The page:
How we deploy SPAs on S3 and CloudFront

Here at Pretto, we chose early to have a clear client / server separation. Our product is composed of several independent single page apps, backed by a single monolithic API. There is a little development overhead, but fast prototyping, explicit decoupling, and fast rebuilding largely makes up for it.

We are a small team, and every minute spent on opts is not spent on moving towards product-market fit. That’s why we chose one of the simplest deployment strategies : static hosting on the AWS stack.

In this article, we will guide you through the steps we follow when deploying a new app.

Build your app

First, you need to make sure that your frontend development stack can generate a static build of your app. Please don’t spend hours tweaking your webpack config, mature libraries like create-react-app or vue-cli have already done it better than you could.

Once yarn run build runs locally and generates you a static build, you’re ready to setup ops.

Setup a S3 bucket

Head over to your aws console and create a new bucket. You need a unique bucket name, and — guess what — your apps domain should be unique too so use that.

Ignore all other options, we will get to them soon enough, and just create your bucket.

It is now time to deploy our apps content. AWS offers us an interface but we want to automate this step, so install the AWS CLI and create a deployment script.

(Note that AWS CLI commands are done as an authenticated user. We will assume your root account is doing it in order to keep the examples simple, but depending on your security policies, you may want to use a dedicated CI account with more limited permission. As a reference, here is our CI policy for bucket syncing via the CLI)

If everything goes well, your bucket should be populated.

Congratulations! This is not the end though. You now need to enable static hosting so your bucket has a domain of its own. This can be done in the Bucket Properties tab

Enable the static hosting, and beware of redirecting every request to index.html. This will allow your HTML5 client-side routing to take the wheel on hard reloads.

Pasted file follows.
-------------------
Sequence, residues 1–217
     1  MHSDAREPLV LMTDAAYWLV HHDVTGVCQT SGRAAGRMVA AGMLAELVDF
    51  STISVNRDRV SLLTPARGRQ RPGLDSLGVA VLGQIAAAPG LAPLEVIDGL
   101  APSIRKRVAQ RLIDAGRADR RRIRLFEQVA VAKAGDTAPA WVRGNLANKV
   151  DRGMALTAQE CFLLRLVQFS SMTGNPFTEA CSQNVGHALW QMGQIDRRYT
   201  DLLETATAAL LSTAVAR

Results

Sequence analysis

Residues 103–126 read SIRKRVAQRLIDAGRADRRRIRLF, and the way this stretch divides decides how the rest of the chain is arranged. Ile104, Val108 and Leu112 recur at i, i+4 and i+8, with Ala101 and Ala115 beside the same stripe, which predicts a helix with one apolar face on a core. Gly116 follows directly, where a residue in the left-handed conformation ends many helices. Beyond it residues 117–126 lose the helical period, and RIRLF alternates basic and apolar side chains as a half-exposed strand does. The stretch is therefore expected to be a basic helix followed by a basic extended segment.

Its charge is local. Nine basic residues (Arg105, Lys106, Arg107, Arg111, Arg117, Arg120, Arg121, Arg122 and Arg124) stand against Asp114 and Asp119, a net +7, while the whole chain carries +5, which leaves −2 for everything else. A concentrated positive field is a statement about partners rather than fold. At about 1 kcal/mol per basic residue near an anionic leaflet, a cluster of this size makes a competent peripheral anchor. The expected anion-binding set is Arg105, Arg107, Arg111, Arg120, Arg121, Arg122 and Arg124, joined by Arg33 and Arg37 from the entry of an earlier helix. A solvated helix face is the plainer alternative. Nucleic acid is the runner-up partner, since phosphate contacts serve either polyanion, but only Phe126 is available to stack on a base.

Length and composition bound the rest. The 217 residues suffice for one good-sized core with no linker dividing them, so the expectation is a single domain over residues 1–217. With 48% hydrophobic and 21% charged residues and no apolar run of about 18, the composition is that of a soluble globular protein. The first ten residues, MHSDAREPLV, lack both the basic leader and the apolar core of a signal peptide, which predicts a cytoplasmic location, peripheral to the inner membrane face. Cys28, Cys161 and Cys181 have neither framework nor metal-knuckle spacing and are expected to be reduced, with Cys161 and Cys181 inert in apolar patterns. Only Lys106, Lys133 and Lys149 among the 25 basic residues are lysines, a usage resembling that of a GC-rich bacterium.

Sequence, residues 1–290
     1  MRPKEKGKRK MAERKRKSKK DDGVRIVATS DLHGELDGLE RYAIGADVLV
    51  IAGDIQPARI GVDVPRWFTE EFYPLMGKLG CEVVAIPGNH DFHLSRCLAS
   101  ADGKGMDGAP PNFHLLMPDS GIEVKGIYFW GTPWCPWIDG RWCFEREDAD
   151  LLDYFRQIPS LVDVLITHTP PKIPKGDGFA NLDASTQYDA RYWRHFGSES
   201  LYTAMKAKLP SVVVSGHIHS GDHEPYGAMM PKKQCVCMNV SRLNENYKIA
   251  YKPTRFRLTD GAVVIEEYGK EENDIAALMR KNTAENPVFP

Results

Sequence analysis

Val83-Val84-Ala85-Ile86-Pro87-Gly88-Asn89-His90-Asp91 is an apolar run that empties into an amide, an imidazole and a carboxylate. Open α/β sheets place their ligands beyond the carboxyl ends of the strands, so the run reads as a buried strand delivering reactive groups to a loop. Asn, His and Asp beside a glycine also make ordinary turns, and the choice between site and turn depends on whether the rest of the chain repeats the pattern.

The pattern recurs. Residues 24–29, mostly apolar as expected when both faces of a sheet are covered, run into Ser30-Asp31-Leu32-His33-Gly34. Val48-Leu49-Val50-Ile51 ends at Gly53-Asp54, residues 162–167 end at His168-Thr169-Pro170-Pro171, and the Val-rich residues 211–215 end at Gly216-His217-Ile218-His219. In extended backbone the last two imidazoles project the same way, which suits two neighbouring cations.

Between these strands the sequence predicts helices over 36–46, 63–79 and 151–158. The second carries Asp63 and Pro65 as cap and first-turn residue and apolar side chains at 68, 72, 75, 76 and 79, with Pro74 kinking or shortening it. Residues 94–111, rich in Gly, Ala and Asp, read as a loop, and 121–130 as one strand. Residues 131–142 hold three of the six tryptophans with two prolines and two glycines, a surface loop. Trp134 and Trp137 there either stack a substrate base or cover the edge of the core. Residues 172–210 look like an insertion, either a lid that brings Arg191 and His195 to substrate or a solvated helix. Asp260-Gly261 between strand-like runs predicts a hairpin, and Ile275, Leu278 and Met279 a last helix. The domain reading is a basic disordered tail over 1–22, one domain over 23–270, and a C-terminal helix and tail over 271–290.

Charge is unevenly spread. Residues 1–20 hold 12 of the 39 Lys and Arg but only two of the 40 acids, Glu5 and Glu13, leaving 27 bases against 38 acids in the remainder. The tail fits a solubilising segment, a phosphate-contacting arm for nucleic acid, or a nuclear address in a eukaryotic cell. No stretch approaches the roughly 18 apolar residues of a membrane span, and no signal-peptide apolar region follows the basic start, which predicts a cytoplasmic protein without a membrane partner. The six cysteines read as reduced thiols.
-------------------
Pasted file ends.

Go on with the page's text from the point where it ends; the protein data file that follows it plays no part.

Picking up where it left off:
Visit the endpoint created for you by S3 and voilà! Your app is up and open to the world!

While you’re in the prototyping phase this can do the work. You won’t pay much, and your deployment script is ready. However, once you move on to production, you may want to use a custom domain and optimise response times. We stay in the AWS stack, and solve these issues with their CDN offering, CloudFront.

Enable CloudFront, and use a custom domain

Go to your cloudfront dashboard, and setup a new WEB distribution

Origin Settings

Set the S3 host as the Origin domain name.

Default Cache Behavior Settings

Enable HTTP to HTTPs redirection (because we want to be secure), and automatic object compression if your build step does not do it for you.

Distribution Settings

Add your domain as a CNAME, use a default certificate for now (we will setup a custom one soon), and set index.html as your default root object.

Setup a SSL certificate

While your distribution is being deployed, go to the ACM dashboard in order to setup a certificate (beware, even if your bucket and distributions are in europe, your certificate needs to be in N. Virginia)

Request a certificate for your domain, and validate your request following the instructions in your confirmation email (sent to the owners of the root domain). You should now have an enabled certificate for your subdomain. Let’s add it in cloudfront !

Go back to your cloudfront dashboard, specifically to the settings page for your distribution. Open the general tab, and click edit.

Enable the custom SSL certificate, choosing the one you just created in the list, and save your changes.

Finally, you want to setup your domain so that it points to your cloudfront distribution. The GUIs vary from one to another, but basically you want to add a CNAME record, pointing to the reference cloudfront domain (duytnkodsvb1g.cloudfront.net in that case).

It may take a few minutes for the domain to propagate, but you’re essentially done. Congratulations, your app is now live, and it will handle all the traffic you can throw at it before price even becomes an issue :)

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